Updated: Jan 1
Melanocytes, the skin's pigment-producing cells, are the source of melanoma, a specific type of skin cancer. It is one of the most aggressive types of skin cancer and, if untreated, can quickly spread to other body parts.
The best course of action will depend on the stage and location of the cancer, the patient's general health, and the available melanoma treatment options. Here, we'll go over the different melanoma treatment options, such as surgery, radiation therapy, and chemotherapy.
Melanoma treatment can be complicated, so it's crucial to collaborate with a group of specialists to ensure the best results. To choose the best course of action, it is crucial to discuss all treatment options with a specialist physician.
Surgery: Surgery is the most common treatment for melanoma and is typically the first line of treatment. To ensure that all cancer cells have been eliminated, surgery aims to remove the cancerous tumor and a small margin of healthy tissue around it.
Melanoma can be treated surgically with a variety of techniques, including a margin of healthy tissue around the cancerous tumor is also removed during a wide local excision. Depending on the cancer's stage, the margin's size will vary. To remove the affected lymph nodes if the cancer has spread to them, this procedure is sometimes required. This may lessen the likelihood of the cancer spreading.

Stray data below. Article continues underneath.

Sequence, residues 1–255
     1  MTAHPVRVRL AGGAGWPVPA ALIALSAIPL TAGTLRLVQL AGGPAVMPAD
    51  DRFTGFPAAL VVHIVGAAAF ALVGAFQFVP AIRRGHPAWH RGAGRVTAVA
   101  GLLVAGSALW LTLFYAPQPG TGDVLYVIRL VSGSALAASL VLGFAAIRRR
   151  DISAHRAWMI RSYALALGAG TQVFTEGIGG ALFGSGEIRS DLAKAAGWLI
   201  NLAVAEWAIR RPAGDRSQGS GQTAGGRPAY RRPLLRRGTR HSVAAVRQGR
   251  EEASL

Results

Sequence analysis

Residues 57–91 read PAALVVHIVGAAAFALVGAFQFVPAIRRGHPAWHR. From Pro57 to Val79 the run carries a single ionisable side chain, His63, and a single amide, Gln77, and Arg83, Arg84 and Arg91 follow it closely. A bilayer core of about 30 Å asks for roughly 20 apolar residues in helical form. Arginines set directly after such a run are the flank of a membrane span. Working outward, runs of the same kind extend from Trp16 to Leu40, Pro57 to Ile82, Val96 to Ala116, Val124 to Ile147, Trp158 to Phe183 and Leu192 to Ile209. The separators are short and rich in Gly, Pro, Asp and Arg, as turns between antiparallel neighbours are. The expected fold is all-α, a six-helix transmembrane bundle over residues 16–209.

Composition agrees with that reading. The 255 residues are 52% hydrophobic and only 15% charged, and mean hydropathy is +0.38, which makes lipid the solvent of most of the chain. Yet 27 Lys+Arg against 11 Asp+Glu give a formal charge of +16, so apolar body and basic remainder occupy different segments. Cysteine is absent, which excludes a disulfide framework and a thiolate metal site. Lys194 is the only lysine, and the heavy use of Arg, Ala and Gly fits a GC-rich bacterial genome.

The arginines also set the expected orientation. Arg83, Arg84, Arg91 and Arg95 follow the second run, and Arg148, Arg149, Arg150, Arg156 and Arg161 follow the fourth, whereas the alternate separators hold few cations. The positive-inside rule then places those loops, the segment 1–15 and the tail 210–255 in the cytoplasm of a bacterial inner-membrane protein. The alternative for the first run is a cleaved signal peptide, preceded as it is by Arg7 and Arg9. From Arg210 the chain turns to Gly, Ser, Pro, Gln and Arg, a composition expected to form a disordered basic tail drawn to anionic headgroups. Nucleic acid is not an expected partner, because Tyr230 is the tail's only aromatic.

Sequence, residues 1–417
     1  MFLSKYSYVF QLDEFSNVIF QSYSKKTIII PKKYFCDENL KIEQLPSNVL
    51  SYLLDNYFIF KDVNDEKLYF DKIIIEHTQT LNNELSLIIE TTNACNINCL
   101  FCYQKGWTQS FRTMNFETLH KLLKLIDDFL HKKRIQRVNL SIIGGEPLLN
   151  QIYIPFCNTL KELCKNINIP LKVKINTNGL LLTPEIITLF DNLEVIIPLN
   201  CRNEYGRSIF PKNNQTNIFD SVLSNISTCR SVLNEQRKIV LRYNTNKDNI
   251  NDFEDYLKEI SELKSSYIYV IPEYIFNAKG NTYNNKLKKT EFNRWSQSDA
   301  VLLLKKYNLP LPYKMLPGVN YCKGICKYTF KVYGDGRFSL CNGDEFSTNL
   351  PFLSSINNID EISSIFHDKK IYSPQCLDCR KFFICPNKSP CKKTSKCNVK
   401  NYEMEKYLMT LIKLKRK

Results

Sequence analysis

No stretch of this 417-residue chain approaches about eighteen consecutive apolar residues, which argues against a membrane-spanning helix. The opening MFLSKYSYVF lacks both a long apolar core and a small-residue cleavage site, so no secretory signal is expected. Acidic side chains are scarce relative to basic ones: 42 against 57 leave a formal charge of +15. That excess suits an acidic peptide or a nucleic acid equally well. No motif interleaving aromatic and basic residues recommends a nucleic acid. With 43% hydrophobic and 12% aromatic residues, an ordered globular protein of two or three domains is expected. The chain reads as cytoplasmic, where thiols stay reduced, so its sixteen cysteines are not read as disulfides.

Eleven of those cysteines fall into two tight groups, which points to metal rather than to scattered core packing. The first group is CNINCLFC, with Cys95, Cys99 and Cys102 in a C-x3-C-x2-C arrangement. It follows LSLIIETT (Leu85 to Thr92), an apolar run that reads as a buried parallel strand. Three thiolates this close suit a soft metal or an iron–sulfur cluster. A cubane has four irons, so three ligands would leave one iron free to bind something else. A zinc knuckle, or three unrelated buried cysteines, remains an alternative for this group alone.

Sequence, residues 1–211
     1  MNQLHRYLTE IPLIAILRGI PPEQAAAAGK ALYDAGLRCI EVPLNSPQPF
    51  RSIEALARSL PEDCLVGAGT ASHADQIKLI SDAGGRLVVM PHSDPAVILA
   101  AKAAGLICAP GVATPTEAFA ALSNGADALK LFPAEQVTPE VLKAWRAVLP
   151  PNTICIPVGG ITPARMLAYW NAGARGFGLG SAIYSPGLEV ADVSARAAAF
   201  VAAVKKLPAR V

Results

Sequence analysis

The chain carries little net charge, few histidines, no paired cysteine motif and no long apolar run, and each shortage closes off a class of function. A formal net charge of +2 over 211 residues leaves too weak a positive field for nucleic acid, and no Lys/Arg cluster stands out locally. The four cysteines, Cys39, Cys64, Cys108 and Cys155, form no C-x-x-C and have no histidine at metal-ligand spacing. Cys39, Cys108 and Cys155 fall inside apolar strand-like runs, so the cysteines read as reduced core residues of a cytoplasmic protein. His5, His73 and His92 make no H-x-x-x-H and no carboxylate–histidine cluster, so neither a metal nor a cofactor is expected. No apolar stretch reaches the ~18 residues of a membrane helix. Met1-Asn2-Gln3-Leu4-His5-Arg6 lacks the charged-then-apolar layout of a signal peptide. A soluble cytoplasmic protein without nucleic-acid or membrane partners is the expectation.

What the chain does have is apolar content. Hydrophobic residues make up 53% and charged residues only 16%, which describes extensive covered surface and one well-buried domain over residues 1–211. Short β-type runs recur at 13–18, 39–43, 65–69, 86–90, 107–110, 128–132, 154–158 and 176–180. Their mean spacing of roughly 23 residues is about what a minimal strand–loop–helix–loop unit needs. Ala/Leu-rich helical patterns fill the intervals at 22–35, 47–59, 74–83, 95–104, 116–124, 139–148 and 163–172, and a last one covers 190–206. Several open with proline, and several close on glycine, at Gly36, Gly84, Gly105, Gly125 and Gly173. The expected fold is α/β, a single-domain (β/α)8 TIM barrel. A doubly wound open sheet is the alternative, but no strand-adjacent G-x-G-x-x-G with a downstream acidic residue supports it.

Amputation: To remove the affected limb and stop the cancer from spreading when melanoma is found on a limb and has already spread widely, an amputation may be required.
Radiation Therapy: High-energy radiation beams are used in radiation therapy to destroy cancer cells and reduce tumor size. It can be used as a stand-alone treatment for melanoma that has spread to other body parts or as a post-operative procedure to eradicate any cancer cells that may still be present.
Melanoma that has spread to other body parts or cannot be surgically removed can be treated with chemotherapy. It entails the administration of medications to eradicate cancer cells or prevent their division and spread. Chemotherapy can be administered alone or in conjunction with other procedures like surgery or radiation therapy.
Treatments like immunotherapy support the immune system's ability to combat cancer cells. It can be used to treat melanoma that cannot be surgically removed or that has spread to other parts of the body. Drugs used in immunotherapy come in a variety of forms, including checkpoint inhibitors and cancer vaccines.
An approach to treating cancer that targets particular genes or proteins that are involved in the development and spread of cancer cells is known as targeted therapy. It can be used to treat melanoma that cannot be surgically removed or that has spread to other parts of the body. Drugs for targeted therapy come in a variety of forms, including BRAF and MEK inhibitors.
Melanoma patients may choose to take part in a clinical trial if their standard treatment options are ineffective. Clinical trials are research projects that evaluate the safety and efficacy of novel treatments or treatment modalities in combination. By taking part in a clinical trial, patients may gain access to therapies that aren't yet widely used and may advance the field of cancer treatment.